et al., 2009a, b).
Plant samples belongs to 17 Artemisia species were washed with
deionized water and oven dried at 80°C for 2 days, and then
subjected to crushing and grinding for fine powder formation.
Two gram powder of each plant sample was dissolved in 10 ml of
nitric acid for over night and then heated until the reddish brown
fumes disappeared. 4 ml of perchloric acid was mixed to the above
solution and heated for 5 min then 10 ml of aquaregia was added
and heated to small volume and up to marked 250 ml by adding
deionized water (Jabeen et al., 2010).
Atomic absorption spectrophotometery
Major and trace elemental concentrations were determined using
flame atomic absorption spectroscopy using Perkin Elmer AAnalysit
700 system at National Center of Excellence in Geology, University
of Peshawar, Pakistan. The instrument was calibrated with
specified standards in which Artemisia sample were ranged. After
every ten sample run the credibility of instrument is again checked.
Five independent runs are carried out for all the elements of the
every sampled plant.
RESULTS AND DISCUSSION
Potassium ions are the most abundant cation in the
human body (Osorio, 1999). The array of K values varies
between 11458 ppm in A. stenocephala and 18375 ppm
in A. tournifotiana (Table 2 and Figure 2-B). All the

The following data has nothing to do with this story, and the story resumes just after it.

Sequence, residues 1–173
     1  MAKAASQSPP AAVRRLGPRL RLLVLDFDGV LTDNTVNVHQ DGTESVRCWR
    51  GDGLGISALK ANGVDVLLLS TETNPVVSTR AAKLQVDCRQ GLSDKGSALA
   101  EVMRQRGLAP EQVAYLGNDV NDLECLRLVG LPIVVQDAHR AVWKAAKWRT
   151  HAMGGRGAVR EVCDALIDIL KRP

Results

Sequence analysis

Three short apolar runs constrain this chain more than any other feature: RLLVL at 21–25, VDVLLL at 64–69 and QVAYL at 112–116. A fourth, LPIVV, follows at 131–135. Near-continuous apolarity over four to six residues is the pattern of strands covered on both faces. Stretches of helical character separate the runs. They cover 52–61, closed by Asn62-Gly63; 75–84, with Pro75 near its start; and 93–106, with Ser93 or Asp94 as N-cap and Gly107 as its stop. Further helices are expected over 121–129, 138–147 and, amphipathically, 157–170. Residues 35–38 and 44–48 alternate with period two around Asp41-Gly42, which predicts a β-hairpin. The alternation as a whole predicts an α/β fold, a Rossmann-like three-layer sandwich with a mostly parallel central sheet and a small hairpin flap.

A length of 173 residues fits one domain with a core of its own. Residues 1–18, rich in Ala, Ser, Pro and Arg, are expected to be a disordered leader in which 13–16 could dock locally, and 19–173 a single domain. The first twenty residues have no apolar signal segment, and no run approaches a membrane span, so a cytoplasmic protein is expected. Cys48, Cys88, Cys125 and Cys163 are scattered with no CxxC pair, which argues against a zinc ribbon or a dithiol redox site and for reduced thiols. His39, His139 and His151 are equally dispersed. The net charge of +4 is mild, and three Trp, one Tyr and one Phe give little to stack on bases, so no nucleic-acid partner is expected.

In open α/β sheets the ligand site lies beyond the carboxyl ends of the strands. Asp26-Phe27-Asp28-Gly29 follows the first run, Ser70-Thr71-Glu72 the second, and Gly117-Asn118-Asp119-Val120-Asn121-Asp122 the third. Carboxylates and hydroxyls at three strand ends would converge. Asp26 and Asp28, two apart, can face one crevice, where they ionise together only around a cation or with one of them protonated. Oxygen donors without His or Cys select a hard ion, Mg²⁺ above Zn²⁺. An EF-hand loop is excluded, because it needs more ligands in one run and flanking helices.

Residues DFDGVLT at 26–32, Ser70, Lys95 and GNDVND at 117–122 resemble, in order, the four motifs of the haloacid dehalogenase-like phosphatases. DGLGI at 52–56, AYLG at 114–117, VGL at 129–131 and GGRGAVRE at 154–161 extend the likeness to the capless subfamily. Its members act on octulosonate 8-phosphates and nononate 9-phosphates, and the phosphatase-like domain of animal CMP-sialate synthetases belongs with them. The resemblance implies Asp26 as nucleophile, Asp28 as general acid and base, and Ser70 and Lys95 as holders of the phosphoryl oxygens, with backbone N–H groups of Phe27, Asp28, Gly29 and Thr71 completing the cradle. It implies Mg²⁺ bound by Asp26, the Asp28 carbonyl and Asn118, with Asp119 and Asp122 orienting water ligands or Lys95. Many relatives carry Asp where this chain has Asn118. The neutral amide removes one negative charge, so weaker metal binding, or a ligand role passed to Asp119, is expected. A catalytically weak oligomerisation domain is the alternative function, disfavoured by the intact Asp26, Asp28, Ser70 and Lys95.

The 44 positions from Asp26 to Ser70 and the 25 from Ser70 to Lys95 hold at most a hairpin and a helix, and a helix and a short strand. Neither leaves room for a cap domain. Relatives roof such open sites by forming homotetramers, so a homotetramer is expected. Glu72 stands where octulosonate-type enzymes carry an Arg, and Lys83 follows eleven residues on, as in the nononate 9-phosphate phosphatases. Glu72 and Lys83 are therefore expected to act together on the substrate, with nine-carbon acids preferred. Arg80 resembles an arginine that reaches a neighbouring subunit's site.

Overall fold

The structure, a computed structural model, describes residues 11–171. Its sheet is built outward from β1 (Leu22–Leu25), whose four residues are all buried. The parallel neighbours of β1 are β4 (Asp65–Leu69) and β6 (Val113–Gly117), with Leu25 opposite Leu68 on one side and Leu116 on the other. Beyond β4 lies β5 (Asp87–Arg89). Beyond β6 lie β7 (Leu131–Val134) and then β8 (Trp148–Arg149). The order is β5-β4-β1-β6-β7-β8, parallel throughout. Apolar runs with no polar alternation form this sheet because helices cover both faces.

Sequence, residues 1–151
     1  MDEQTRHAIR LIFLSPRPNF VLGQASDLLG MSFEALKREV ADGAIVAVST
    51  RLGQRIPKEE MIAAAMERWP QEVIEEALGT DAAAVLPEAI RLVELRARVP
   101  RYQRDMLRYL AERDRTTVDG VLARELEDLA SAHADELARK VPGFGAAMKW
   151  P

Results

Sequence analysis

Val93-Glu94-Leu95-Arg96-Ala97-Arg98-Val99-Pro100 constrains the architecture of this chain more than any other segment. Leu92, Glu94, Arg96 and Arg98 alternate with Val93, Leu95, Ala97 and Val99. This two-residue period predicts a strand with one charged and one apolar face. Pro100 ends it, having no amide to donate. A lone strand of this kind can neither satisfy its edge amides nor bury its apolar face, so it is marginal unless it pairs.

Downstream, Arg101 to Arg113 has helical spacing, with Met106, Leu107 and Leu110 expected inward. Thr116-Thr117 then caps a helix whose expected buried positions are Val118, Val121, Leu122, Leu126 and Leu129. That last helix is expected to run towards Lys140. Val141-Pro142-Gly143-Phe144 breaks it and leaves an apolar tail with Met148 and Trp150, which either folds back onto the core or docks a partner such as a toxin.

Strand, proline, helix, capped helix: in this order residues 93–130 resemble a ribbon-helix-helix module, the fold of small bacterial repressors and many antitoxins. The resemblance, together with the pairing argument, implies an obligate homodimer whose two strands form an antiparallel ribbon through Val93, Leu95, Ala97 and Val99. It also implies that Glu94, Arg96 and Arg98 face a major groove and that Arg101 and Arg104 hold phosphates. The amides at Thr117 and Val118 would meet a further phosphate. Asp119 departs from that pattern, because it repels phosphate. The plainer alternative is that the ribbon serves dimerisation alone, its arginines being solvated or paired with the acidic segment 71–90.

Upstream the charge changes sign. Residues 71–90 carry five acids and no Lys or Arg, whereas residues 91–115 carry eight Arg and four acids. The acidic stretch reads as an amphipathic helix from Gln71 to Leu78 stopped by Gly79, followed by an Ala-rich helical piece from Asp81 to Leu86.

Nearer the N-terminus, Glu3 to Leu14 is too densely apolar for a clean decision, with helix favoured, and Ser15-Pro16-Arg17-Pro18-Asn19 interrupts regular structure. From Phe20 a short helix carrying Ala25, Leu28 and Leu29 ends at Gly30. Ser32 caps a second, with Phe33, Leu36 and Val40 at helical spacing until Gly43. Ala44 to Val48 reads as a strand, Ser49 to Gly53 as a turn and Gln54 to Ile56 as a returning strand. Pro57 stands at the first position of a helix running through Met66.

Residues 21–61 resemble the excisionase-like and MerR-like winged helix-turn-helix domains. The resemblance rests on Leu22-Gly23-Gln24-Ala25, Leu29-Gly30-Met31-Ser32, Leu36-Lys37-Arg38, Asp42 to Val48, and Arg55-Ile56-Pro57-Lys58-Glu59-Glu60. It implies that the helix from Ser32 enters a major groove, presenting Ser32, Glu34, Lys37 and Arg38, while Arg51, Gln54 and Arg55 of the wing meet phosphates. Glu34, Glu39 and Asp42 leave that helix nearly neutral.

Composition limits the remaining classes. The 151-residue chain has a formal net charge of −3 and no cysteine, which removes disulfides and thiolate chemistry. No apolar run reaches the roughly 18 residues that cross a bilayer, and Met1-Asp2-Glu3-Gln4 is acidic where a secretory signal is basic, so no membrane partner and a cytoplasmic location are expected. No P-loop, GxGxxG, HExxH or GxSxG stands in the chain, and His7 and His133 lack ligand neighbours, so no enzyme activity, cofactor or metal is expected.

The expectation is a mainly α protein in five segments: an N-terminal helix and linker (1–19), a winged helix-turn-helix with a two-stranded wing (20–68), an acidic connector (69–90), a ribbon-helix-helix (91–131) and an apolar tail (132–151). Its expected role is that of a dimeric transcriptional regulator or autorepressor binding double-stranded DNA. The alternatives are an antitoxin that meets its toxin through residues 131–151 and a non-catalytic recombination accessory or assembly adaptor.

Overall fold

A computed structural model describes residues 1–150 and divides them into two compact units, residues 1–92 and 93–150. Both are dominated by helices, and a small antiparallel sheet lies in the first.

examined species gave evidence for high K contents and
our findings matched with the earlier studies on healing
plants (Badri and Hamed, 2000; Ozcan and Akbulut,
2007; Jabeen et al., 2010).
A healthy human body contains 90 to 130 g of Na
(Robert, 2006). The lowest concentration of Na that is
1005 ppm was found in A. japonica and maximum
2258 J. Med. Plant. Res.
Table 2. Average concentration (ppm) (n=5) along with standard deviation of the elements in studied Artemisia species.
Species Pb Cu Zn
13.200±0.23 09.525±1.64 35.730±0.90 10.250±0.09 0.950±0.75 47.500±0.95 0018.730±0.84 11.300±0.21 0.400±0.35 1078.100±0.28 18238.00±0.34 6480.000±0.37 0760.000±0.34
00.525±0.14 11.600±1.47 30.300±0.13 07.875±0.50 0.380±0.03 27.500±0.93 0935.630±0.14 07.380±0.44 0.230±0.79 1391.900±0.75 14438.00±0.28 5462.500±0.11 1480.000±0.82
08.850±0.82 08.975±0.31 38.650±0.06 09.800±0.75 0.530±0.06 39.230±0.14 0695.000±0.55 05.950±0.83 2.030±0.11 1187.500±0.83 17513.00±0.33 8695.000±0.30 2246.300±0.50
A. stanosephala 00.150±0.35 07.300±0.36 23.430±1.03 03.425±0.26 0.530±0.43 62.380±0.82 0504.380±0.23 03.000±0.90 1.250±0.93 1083.800±0.49 11458.00±5.02 5615.000±0.34 0742.500±0.88
00.100±0.28 12.500±1.84 19.600±0.73 01.325±0.44 0.400±0.69 23.350±0.23 0501.250±0.49 02.050±0.29 1.080±0.68 1010.000±0.59 14338.00±0.49 1025.000±0.41 0157.500±0.74
25.800±1.95 13.600±0.46 31.700±0.70 05.375±0.41 0.500±0.79 41.650±0.05 0393.130±0.67 00.000±0.14 2.050±0.27 1118.800±0.52 15325.00±0.67 7177.500±0.67 0910.000±0.12